People considering a move to a rural area should be aware of and understand that rural land is often used for primary production and normal farming activities can have impacts on neighbours.
The concept of a ‘right to farm’ mainly relates to farmers being able to undertake their lawful agricultural activities without non-farming neighbours and community land users trying to stop farming activities.
A farming business is often a 24/7, 365-day job. Activities never stop and a farming property can be a very busy environment, especially during peak seasonal harvesting. Where there are dry conditions, both farm vehicles and livestock may create more noise and dust around the surrounding properties to a farm. The best way to manage these issues is to talk to the farmer to resolve the situation and to develop a plan that would suit everyone involved before a dispute occurs.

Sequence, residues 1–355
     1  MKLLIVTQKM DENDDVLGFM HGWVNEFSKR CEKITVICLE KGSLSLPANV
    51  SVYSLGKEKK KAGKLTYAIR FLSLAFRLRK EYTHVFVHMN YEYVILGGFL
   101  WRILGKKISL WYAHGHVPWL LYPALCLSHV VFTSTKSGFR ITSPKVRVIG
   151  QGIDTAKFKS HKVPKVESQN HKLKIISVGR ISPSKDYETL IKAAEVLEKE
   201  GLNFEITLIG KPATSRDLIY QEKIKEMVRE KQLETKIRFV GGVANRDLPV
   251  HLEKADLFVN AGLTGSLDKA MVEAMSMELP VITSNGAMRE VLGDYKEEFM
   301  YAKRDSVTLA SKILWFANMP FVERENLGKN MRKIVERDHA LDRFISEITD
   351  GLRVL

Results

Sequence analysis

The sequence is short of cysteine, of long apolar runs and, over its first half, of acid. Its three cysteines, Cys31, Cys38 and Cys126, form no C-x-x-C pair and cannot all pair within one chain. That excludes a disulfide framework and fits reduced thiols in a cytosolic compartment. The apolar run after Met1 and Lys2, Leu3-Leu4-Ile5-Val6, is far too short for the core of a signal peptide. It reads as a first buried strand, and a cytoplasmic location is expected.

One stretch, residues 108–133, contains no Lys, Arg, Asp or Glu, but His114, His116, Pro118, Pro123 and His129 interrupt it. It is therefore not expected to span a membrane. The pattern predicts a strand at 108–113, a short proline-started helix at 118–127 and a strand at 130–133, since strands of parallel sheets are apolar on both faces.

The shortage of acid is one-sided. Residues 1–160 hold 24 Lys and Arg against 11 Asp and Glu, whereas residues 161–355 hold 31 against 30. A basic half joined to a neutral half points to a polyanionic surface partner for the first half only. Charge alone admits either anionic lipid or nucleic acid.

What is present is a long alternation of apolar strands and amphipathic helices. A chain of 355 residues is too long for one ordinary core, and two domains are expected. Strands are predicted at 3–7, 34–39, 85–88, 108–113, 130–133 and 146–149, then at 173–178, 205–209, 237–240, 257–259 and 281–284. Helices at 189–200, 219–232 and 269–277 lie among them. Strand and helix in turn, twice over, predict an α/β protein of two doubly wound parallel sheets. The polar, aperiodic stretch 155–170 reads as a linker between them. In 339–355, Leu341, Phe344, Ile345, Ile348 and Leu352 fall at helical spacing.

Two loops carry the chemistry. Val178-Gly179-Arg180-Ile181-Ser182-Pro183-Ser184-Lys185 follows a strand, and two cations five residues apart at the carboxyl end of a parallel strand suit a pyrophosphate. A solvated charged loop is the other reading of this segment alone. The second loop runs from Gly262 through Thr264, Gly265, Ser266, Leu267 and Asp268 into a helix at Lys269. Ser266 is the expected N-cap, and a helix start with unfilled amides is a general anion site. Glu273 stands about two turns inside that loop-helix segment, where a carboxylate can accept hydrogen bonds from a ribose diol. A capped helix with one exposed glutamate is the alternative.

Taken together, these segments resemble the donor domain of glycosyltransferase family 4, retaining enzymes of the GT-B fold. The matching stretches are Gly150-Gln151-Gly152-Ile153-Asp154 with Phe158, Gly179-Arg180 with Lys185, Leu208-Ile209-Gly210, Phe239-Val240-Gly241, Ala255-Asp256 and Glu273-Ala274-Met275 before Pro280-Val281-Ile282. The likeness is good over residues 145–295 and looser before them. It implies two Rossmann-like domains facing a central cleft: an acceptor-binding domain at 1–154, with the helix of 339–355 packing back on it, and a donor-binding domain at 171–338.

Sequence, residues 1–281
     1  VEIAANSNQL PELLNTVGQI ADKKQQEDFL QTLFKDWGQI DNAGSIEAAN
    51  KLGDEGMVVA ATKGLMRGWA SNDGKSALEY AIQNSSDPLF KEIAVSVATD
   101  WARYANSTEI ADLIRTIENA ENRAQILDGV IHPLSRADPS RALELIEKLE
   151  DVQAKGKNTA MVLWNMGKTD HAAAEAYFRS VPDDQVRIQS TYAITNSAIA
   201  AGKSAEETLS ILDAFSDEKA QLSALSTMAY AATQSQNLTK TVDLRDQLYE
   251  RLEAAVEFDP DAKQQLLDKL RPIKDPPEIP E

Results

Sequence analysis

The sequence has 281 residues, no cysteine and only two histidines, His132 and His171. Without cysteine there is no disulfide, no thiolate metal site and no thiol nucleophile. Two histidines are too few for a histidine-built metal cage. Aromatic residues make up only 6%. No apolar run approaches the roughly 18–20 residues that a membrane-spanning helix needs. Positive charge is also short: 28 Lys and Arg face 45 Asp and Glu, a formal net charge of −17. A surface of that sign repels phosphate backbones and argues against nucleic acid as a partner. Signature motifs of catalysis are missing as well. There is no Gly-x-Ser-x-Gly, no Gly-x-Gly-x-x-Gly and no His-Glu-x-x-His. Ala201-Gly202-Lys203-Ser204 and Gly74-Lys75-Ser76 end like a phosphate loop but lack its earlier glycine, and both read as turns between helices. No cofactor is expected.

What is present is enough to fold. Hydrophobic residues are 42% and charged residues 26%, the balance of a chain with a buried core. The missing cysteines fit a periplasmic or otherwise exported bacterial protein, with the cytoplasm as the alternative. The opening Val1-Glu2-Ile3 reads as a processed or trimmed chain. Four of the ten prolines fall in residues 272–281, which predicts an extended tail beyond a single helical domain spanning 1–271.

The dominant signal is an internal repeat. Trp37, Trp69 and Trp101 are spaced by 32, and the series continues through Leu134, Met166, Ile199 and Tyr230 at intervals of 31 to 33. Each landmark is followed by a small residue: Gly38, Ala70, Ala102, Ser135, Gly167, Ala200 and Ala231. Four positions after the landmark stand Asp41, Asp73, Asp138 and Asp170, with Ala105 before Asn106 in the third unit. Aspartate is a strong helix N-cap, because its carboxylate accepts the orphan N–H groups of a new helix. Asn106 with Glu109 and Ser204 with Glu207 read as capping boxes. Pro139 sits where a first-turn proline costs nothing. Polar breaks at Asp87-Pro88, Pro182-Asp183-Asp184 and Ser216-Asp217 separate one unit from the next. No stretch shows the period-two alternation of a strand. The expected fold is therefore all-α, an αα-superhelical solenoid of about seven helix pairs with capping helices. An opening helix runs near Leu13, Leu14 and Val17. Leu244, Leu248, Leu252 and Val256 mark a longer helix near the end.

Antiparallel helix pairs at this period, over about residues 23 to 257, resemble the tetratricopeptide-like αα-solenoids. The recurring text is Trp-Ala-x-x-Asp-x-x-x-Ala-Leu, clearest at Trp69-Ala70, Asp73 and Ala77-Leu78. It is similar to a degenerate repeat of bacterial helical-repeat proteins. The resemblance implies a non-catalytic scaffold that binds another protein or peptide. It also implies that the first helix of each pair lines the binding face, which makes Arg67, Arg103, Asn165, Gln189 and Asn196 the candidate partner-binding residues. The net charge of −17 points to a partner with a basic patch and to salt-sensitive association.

The Primary Industry Activities Protection Act 1995 represents a legislative approach to protect the right of farmers to conduct their farming activities. The Act protects persons engaged in primary industry by limiting the operations of the common law of nuisance in respect of certain activities that are incidental to efficient and commercially viable primary production.